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Linux Business IT

Canonical Chases Deal to Ship Ubuntu Server OS 151

Kurtz'sKompund writes "Canonical, the company that supports Ubuntu Linux, is trying to work out a deal with hardware vendors such as Dell to make Ubuntu available pre-installed on servers. 'Canonical, despite obviously supporting such a deal, had little to do with Dell's decision. Dell said it was merited by customer demand. Likewise, the decision of whether Ubuntu Server will ship pre-installed will be determined the same way.'"
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Canonical Chases Deal to Ship Ubuntu Server OS

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  • But is it supported? (Score:2, Informative)

    by dedazo ( 737510 ) on Wednesday October 10, 2007 @05:35PM (#20932811) Journal
    As in *actually* supported? Otherwise I'd just get plain Debian stable or CentOS [centos.org], which is a downstream version of RHEL that works great.

    I don't know if Ubuntu might ever match RHEL, but it's possible that Canonical might end up being RedHat's main competitor. Right now AFAIK that would be Novell and their server business is not doing amazingly well.

  • by radeex ( 1126305 ) on Wednesday October 10, 2007 @05:57PM (#20933063)
    1. Actually, Canonical offers professional support services for servers and desktops. http://canonical.com/support [canonical.com]

    2. My impression is that the "gaps" referred to in the article are mostly about certification from third parties like Oracle.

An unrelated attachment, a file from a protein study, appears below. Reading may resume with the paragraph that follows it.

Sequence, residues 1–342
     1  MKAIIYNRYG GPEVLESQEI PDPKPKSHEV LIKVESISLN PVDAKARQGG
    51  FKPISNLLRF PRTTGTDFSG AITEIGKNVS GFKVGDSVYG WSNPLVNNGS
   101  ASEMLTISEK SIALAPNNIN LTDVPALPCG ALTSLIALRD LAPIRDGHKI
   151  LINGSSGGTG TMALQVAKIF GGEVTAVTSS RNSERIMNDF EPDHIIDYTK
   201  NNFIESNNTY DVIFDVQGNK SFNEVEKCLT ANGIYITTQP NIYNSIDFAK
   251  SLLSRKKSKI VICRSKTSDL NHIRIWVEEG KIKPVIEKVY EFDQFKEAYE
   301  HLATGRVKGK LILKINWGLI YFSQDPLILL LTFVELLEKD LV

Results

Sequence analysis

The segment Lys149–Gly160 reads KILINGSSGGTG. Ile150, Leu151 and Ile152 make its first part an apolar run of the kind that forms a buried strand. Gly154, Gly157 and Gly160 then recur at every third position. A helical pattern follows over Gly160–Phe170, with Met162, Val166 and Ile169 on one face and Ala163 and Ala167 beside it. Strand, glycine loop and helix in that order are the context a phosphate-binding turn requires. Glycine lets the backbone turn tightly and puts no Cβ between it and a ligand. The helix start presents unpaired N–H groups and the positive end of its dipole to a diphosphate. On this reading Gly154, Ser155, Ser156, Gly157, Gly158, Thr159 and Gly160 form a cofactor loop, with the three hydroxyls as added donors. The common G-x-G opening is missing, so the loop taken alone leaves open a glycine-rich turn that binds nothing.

• by radeex ( 1126305 ) on Wednesday October 10, 2007 @06:03PM (#20933127)
    I already mentioned this in response to another post, but yes, it's really really supported. http://canonical.com/support [canonical.com]
  • by Anonymous Coward on Wednesday October 10, 2007 @06:03PM (#20933143)
    The wiki article on Canonical says that it has 90+ employees. http://en.wikipedia.org/wiki/Canonical_Ltd [wikipedia.org] Mark Shuttleworth himself is rich but not remarkably so. http://en.wikipedia.org/wiki/Mark_Shuttleworth [wikipedia.org]

    Given that other Linux distros have more employees backing them, it is pretty impressive that Ubuntu has made the progress it has. Given all of the above, I am led to the conclusion that Mark Shuttleworth is indeed a very smart guy. In that light, I wouldn't be at all surprised to see the servers ship and sell well.
  • by outZider ( 165286 ) on Wednesday October 10, 2007 @06:11PM (#20933239) Homepage
    As a user of Ubuntu Server on a 60+ machine deployment for $work, Canonical is seriously going to have to take the server distro up a notch before this could possibly work. The server distro, in stark contrast to Desktop, is a horribly hacked together mess that gives off the impression that it isn't really studied much at all. While Desktop shows the best and brightest of Linux integration, the server distro is just as barebones as the alternative distro, and manages to screw things up in terms of out of box experience.

    Am I looking for a UI? No. I want a few basic things.

    1: A proper, usable deployment system. debian-installer is good for the basics, but it's a pain in the behind to set up, and doesn't support scripting a RAID/mdadm install, or LVM. This "sucks". Take a look at Redhat or CentOS for a little inspiration.
    2: A boot screen that doesn't look like vomited output. Why does the login prompt appear before services have finished loading? I support being able to use the machine before services have stopped. I do not need "Starting PostgreSQL" appearing as I'm entering my login credentials locally.
    3: A server kernel that always installs. Why does the installer give me the generic kernel when I'm installing the server distro? Why do I have to manually install the server kernel on boot up, and then remove the generic kernel?